Posted by: mariakopecky | August 30, 2012

Conserve School Science Students Hear the Heartbeat of a Burn Site

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This week, the Applied Ecology and Sustainable Systems classes went on a brief field trip to a burn area about a mile from the Conserve School property.  The burnt red pine plantation was the site of an 80 acre wildfire that was ignited when lightning hit a nearby power line in May of 2012.  Students were asked to read the landscape around them while walking through the burn area, keeping their eyes and ears open as they padded along on a bed on pine needles.  Science teachers Robert Eady and Andy Milbauer facilitated discussions on how fire can change the character of a forest, ways to determine the path of the fire based on burn scars left behind, and what exactly those crunching, cracking, gnawing noises surrounding the group could be.  The “heartbeat of the forest” was, in fact, thousands of long-horned beetle larvae, also known as pine sawyers, excavating tunnels in the red pine wood.  Check out the video on Robert’s teacher page to hear and see these noisy little critters!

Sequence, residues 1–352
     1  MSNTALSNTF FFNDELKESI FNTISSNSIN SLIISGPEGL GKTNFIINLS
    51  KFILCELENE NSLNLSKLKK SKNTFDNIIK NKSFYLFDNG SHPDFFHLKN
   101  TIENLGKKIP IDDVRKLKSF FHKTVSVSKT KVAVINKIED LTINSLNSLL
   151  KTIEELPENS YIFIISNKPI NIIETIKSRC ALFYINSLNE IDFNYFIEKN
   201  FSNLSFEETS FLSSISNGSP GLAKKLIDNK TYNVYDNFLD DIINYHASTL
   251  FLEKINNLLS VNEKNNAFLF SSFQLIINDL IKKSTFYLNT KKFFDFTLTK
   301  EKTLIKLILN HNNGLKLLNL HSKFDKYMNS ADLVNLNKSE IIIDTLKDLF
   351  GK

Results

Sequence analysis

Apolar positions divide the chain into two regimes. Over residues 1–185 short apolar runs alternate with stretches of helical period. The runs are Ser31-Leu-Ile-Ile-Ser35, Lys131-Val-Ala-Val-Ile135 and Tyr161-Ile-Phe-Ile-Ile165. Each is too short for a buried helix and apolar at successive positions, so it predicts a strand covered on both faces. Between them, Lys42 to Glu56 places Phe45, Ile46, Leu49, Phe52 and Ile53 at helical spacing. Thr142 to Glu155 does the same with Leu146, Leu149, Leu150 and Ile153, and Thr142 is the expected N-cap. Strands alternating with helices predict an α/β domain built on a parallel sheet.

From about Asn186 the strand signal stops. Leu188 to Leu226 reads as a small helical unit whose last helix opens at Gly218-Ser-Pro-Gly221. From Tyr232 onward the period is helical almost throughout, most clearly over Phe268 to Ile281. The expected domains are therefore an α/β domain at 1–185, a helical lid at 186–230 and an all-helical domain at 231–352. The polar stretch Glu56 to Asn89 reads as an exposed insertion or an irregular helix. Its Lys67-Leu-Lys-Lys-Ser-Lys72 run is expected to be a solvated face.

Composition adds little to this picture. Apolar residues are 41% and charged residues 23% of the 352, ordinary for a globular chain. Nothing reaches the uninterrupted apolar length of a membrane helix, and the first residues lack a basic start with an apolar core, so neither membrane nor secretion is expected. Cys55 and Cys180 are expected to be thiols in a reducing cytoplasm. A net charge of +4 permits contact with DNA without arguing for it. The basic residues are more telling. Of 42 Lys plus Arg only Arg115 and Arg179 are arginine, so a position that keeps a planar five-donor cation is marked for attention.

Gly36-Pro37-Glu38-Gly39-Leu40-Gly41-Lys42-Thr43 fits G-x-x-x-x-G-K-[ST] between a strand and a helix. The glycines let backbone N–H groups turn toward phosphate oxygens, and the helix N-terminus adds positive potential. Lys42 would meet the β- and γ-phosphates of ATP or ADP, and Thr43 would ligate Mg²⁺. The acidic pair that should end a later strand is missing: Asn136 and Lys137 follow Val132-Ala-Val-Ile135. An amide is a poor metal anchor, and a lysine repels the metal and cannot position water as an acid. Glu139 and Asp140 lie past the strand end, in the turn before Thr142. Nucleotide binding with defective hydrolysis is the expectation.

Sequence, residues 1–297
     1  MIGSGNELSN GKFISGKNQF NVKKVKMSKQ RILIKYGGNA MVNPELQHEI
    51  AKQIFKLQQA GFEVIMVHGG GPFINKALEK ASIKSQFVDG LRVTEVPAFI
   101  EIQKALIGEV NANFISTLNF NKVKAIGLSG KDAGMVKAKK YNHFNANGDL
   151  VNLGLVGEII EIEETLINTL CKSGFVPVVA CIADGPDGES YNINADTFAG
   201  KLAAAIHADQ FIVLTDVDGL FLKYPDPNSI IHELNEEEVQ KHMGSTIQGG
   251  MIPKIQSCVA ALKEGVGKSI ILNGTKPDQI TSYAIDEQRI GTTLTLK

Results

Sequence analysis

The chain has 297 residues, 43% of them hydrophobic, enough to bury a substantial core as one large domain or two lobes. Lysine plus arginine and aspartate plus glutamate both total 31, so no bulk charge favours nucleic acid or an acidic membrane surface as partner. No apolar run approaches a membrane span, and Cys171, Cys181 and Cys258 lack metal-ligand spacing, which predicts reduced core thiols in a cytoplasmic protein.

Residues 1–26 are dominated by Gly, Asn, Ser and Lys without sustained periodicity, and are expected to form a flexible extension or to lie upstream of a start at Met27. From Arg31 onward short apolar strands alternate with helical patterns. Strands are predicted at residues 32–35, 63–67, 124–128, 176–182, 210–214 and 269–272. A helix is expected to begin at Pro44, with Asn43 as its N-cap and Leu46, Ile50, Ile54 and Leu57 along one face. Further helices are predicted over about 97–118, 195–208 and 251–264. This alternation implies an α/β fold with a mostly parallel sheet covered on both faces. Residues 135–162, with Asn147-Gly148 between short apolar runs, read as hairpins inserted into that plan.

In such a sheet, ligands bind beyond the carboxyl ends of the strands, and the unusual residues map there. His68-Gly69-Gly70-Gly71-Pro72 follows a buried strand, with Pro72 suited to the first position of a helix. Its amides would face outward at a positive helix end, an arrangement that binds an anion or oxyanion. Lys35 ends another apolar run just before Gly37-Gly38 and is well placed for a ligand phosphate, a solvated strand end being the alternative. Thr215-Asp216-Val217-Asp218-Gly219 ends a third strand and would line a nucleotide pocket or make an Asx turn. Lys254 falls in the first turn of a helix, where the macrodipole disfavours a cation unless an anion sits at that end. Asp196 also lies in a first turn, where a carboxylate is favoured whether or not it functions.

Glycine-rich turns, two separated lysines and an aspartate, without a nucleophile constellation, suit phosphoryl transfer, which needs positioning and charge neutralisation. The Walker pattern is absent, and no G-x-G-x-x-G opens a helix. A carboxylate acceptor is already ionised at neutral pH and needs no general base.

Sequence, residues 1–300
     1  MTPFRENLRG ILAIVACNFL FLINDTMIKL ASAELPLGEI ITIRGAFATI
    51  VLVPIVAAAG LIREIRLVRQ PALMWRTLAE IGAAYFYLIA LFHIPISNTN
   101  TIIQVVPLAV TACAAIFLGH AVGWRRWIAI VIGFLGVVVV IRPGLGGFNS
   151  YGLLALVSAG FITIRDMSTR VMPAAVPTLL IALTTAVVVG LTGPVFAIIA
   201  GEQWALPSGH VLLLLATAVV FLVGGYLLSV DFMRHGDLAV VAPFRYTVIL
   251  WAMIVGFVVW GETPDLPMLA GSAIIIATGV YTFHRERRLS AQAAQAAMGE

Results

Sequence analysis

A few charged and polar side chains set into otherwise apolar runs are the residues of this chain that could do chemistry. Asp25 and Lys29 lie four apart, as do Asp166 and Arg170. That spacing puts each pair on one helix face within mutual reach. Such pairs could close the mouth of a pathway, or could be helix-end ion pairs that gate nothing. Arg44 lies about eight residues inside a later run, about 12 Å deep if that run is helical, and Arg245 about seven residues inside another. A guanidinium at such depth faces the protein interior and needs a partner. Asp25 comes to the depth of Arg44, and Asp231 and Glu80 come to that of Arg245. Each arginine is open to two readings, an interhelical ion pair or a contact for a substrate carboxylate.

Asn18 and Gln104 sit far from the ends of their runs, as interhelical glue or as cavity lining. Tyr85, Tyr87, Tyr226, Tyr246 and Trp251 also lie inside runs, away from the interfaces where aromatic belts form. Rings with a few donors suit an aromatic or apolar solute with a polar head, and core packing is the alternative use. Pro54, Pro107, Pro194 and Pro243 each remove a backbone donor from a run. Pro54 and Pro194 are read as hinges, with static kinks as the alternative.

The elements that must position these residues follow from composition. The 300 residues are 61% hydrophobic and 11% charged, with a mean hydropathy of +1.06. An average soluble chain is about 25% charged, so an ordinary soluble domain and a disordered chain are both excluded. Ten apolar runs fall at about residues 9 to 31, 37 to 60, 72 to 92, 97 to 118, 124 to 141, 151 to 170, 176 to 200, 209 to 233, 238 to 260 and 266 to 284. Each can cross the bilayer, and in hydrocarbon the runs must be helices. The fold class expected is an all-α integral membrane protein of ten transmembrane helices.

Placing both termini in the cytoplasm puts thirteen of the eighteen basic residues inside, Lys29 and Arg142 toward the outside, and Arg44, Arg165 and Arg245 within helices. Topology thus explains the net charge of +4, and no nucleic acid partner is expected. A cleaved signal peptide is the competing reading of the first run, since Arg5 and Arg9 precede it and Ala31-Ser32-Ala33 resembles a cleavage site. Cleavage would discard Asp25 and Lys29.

– Graduate Fellow Maria Kopecky

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